While three quarters of the failures are due to read errors, one quarter of the broken disks seem caused by user error.
In this article, let’s look at the user error ones. The read errors will be covered in a separate article.
Disk 21: Overwritten Sector
A single overwritten sector breaks this disk. Track 21, sector 3 is overwriten with garbage. This sector is not just part of the GEOS KERNAL, but also part of the copy protection, so the broken signature will make the protection check trip during boot.
It is unclear what caused this. The sector could have been written by the user, or by some malfunctioning program. The disk is fine otherwise and does not have any read errors.
Disk 12: Block Copy Restore
This disk probably stopped booting at some point, so the user decided to copy the disk over itself to get rid of some errors. Every sector of the disk has been re-formatted and rewritten, but contains the original data. All signatures are broken.
Interestingly, physical tracks 3 to 10 are occupied by data that claims to be logical tracks 1 to 8. And there are lots of secors that are not written at their corrrect places, overwriting surorunding data. The user might have used some copying tool with advanced functionality that messed up some things.
Disk 2: File Copy Restore
The next disk doesn’t boot for a similar reason: All signatures are missing, even the ID is different, and the boot and GEOS KERNAL files are missing.
The user probably encountered and error and decided to fix the boot disk. The GEOS disk copy program refuses to copy from or to the system disk, so the user might have decided to format the disk and do a file copy of the files from the backup disk.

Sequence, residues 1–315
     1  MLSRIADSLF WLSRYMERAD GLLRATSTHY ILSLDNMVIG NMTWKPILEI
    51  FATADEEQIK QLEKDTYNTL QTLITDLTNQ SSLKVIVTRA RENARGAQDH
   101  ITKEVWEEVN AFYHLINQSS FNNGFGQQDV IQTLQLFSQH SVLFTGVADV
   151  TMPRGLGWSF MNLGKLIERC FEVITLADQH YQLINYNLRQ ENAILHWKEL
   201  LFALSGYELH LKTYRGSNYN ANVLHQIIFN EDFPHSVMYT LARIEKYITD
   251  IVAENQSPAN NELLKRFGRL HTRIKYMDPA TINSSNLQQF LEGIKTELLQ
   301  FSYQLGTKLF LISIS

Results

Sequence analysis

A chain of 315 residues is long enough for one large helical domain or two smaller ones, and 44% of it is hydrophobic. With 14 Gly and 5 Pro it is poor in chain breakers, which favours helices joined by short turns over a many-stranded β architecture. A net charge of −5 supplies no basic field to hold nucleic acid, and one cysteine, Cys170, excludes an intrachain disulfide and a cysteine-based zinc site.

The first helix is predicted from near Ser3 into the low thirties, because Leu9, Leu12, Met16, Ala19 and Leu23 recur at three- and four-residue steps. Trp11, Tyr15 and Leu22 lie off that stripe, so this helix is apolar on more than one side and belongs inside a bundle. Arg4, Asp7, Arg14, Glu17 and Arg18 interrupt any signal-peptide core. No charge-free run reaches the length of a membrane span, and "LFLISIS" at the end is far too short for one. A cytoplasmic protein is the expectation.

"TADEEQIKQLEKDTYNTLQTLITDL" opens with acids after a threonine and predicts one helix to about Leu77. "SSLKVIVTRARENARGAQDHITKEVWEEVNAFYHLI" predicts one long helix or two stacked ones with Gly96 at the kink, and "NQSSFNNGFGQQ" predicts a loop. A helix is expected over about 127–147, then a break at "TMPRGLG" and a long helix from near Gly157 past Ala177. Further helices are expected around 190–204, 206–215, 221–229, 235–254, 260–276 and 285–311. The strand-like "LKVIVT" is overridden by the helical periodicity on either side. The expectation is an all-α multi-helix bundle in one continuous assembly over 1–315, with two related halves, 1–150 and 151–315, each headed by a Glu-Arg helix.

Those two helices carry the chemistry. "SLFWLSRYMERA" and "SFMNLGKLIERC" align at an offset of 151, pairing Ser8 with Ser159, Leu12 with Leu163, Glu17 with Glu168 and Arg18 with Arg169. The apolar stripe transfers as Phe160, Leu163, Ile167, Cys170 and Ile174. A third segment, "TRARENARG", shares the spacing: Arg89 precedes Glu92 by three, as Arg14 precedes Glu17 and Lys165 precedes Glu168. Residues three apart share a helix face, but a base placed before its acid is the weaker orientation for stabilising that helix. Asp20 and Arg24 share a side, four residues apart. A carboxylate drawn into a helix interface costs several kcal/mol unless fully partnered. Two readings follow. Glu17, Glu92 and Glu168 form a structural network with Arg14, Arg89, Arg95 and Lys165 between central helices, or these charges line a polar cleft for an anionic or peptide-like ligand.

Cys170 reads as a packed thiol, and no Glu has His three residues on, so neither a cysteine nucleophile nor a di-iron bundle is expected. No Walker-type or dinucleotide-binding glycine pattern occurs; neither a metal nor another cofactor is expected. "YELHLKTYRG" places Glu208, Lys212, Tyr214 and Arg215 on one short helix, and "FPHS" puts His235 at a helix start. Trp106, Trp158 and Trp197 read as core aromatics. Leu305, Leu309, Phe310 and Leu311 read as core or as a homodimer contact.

The format of course removed all signatures. In addition, the GEOS file copier won’t copy the boot programs, so they ended up with a disk that contained everything but the actual OS core.
Disk 6: Incorrect Target of Block Copy
The user of the next disk probably mixed up their disks during a disk copy – and copied a disk full of copy programs onto it (“TURBOCOPY V1.0” and “DATA-BECKER ULTRA-COPY”). Ultra-Copy has an option to do a non-formatting block copy of only allocated sectors, which is what happened here, because the signature of 99 unchanged sectors is still intact.
The user then soft-formatted the disk, i.e. cleared the filesystem index.
Disk 39: Erased
The final disk in this category, this time a “Backup” disk, has also been erased. This user actually used this boot disk disk for data – maybe even on purpose, because… who needs backups? The disk contains a printer driver and an (erased) GeoWrite document (something about hospitals; without any personally identifying information).
Most disks that were made unbootable by the user seem to have been attempts to actually fix a presumably broken the boot disk.
In the second part, we will look at the read errors that makes GEOS disks unbootable.
The copy protection scheme was ultimately defeated by writing a sector with the correct gaps but no data onto track 21, which could be done in one pass, and moving the data that was originally there onto some other track.↩